• Sonia Ghiggioli

News you have probably missed...

In any given day we are bombarded by news. For those that watch commercial TV, listen to commercial radio stations or read commercial papers, you may think that our society revolves around politics, work or other such social constructs. We become myopic with the news that is delivered to us. When we look outside our own backyards we find that societies are governed by food, water and the natural environment and there is a whole lot going on there.

I would like to share some environmental news from around the world from this week that you may have missed...

Dam Removals

In parts of the world where dams have been constructed, the river system below has suffered extreme environmental effects. Work is happening throughout the world to remove whole dam systems in order to recharge river systems and protect them from ongoing destruction. Animals, plants and people benefit from the community's choice to remove dam infrastructure.

Big news globally is that the largest river restoration project in the world is underway in California, USA. "The Klamath River restoration project is one of the biggest dam removals in the world so far, particularly in terms of price tag. The JC Boyle, Copco No. 1, Copco No. 2, and Iron Gate dams are all slated for removal under the plan."

It is becoming common place as remedial work to restore our waterways.

Seed Sovereignty

Species loss is an issue throughout the world. When we look at food we eat a small portion of the actual foods that grow around the globe. Our diets are quite limited. In some regions there are restrictions placed on farmers for the types of foods they can grow and peasant farmers, those without the financial or social power are usually the ones who are restricted to grow what they are told to grow.

Often they are made to grow using trademarked seed which is at a higher premium and also has further restrictions placed on the farming methods used. These trademarked seeds are owned by corporations whose sole purpose is to sell more of their own seed. Peasant farmers in particular have traditional methods of seed saving their open pollinated seed, that is seed that can be grown each year true to type.

Trademarked seed is often infertile and cannot be saved for the following season. The farmers have to purchase more seed each time they want to plant. "The declaration, the product of some 17 years of diplomatic work led by the international peasant alliance La Via Campesina, formally extends human rights protections to farmers whose "seed sovereignty" is threatened by government and corporate practices."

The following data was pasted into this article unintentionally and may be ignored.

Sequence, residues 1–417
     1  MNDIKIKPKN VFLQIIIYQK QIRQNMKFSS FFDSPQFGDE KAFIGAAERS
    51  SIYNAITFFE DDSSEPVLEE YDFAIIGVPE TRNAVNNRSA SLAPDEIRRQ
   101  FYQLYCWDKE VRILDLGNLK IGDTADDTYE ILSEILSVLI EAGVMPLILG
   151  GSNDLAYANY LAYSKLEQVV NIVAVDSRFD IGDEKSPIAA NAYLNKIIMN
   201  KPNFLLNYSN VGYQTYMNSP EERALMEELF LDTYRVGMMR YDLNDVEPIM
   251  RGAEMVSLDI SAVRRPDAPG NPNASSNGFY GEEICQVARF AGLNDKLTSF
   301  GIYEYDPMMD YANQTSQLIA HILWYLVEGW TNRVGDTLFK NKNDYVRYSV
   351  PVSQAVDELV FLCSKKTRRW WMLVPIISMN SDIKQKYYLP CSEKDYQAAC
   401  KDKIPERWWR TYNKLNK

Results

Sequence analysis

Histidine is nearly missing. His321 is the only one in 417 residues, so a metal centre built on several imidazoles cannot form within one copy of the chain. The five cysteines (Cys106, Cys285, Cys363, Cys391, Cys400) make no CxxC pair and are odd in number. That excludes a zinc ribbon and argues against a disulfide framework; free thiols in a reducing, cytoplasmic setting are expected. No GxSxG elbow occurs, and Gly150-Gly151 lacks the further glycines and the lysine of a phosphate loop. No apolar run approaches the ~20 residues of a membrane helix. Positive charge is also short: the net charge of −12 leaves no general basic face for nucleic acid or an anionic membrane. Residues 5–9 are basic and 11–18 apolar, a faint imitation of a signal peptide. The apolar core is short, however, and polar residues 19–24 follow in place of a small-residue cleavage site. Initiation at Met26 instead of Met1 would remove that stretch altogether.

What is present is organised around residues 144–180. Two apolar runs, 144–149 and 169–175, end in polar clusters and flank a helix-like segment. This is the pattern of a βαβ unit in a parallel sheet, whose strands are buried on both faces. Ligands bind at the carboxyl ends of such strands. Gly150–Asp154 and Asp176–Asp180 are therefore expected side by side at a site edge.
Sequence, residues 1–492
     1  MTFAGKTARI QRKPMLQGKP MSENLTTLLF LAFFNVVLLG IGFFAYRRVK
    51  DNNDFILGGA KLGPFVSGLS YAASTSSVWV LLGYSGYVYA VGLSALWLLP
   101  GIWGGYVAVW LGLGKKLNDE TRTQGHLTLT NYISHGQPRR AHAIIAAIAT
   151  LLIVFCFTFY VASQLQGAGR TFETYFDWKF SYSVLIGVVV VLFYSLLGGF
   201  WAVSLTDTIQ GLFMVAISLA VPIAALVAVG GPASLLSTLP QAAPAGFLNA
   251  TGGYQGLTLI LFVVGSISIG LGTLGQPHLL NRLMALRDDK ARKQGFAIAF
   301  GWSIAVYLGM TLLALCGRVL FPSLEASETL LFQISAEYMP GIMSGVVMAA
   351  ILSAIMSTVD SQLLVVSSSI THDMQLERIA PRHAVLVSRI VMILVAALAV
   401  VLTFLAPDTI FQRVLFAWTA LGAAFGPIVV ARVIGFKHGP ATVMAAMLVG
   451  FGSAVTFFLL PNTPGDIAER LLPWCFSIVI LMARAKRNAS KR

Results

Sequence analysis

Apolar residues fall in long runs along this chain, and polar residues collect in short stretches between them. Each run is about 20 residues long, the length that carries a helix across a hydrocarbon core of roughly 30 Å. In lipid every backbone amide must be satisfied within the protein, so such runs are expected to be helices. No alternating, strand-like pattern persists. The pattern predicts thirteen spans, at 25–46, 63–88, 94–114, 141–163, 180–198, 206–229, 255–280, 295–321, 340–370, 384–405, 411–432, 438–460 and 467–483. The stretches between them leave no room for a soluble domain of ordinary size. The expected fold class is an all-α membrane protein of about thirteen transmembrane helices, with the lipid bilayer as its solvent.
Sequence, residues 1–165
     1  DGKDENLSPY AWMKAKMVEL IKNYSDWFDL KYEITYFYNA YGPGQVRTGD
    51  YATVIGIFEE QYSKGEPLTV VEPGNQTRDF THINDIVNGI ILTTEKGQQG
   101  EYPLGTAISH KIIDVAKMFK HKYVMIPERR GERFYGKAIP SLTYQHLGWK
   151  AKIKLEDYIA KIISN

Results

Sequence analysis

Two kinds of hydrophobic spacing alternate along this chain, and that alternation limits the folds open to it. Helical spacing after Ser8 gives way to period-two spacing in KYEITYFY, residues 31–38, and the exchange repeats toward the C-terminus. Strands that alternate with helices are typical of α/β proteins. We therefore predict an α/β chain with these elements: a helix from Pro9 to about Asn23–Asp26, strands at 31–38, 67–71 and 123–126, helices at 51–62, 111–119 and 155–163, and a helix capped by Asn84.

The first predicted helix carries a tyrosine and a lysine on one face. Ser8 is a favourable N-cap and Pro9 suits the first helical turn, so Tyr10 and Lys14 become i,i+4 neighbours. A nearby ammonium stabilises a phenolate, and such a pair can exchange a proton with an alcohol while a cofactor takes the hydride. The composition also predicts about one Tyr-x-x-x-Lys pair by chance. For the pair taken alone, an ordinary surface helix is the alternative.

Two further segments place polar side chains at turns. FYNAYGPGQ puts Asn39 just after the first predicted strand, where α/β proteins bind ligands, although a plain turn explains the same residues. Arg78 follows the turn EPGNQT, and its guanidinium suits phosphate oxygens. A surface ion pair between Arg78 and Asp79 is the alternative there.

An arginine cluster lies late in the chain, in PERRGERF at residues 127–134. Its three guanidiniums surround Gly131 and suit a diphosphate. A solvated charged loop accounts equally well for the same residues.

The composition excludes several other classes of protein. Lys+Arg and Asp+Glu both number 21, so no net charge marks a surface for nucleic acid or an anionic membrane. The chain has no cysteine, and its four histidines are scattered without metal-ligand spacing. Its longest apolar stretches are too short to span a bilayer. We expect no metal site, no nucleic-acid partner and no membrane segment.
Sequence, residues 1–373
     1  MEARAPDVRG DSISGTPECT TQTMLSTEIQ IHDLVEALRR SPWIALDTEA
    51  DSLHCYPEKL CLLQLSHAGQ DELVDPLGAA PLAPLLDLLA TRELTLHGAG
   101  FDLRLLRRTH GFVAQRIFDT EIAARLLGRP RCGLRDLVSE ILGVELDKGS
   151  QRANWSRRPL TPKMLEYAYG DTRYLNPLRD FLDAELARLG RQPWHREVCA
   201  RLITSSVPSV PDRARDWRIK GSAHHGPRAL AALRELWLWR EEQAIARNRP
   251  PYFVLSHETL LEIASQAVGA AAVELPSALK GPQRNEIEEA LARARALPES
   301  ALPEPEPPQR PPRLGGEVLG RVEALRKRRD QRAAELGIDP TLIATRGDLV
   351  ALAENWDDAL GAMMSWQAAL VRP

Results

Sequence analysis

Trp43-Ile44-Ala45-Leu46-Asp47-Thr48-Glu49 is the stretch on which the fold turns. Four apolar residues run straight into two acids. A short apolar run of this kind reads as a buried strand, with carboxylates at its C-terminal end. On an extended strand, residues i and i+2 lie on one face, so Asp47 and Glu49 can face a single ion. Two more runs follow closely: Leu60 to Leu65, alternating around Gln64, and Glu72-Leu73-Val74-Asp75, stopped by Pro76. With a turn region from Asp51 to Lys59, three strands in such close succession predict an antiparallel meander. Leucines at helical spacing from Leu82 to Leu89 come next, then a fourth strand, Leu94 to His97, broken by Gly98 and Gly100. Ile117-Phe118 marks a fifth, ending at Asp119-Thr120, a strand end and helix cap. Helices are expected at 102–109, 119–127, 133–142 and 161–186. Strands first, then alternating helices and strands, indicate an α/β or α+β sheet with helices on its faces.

Sinking Cities, Rising Water

Jakarta, the capital city of Indonesia an island archipelago that sits North West of Australia through the equatorial line in the Indian and Pacific Oceans is sinking at a rate of approximately 25cm (1 inch) per year. The city of Jakarta is home to around 10 million people, over a third of the whole Australian population. It is a high rainfall region close to the sea and the city was built on swamp land with around 13 rivers surrounding it. Similar to many over populated cities, there is traffic congestion, pollution and the city is impacting on the surrounding environment.

The President, Joko Widodo wants to move the city to improve its structure and build a new city based on green ideals. His focus is to move all Government buildings and employees to the new city on the back of a two decade long program to decentralise policy and finances to the municipalities. Although they have not decided upon a place for it as yet, and the idea seems to be gaining traction.

It may be their only hope as "Jakarta is also one of the fastest-sinking cities in the world.

Researchers say that large parts of the megacity could be entirely submerged by 2050. North Jakarta sunk 2.5m (eight feet) in 10 years and is continuing to sink an average of 1-15cm a year."

UK Declaration of Environment and Climate Emergency

It only takes one Western culture to break free from the pack for change to roll along. This week the UK declared a climate emergency after weeks of climate activism throughout the country.

What is a climate emergency declaration? "While there is no precise definition of what constitutes action to meet such an emergency, the move has been likened to putting the country on a “war footing”, with climate and the environment at the very centre of all government policy, rather than being on the fringe of political decisions."

While the details are yet to unfold, what we do know is that this is the beginning of a new time for global politics and our environment.

Photo Courtesy of Barefoot FarmHer
UK Declares Environment and Climate Emergency

Organic Matters Foundation

More good news is that there are organisations around the world who are collaborating under the one banner, regenerative farming. One such organisation is the Organic Matters Foundation who specialise in soil education. We know that soil is alive. In one single teaspoon of soil, approximately 1 gram, it is estimated that there are billions of microbes. These microbes are mixed species and include bacteria, fungi, protozoa, nematodes, ameoba and earthworms to name a few.

We now fully understand that the role of microbes in our soil helps sequester carbon from the air. They are micro-natural-factories are require an understanding of farming practices to put them to work. When their populations breed, we can sit back knowing the carbon levels in the soil are increasing, it is quite simple.

Take a look at their website to see how you can help.

Regenerative Farming - Chipotle Advertisement

I would like to leave you with this video about regenerative farming which incidentally was made to brand a food producer.

Try to get out in nature and take a look around. Have a great long weekend for Labour Day!


Sonia Ghiggioli







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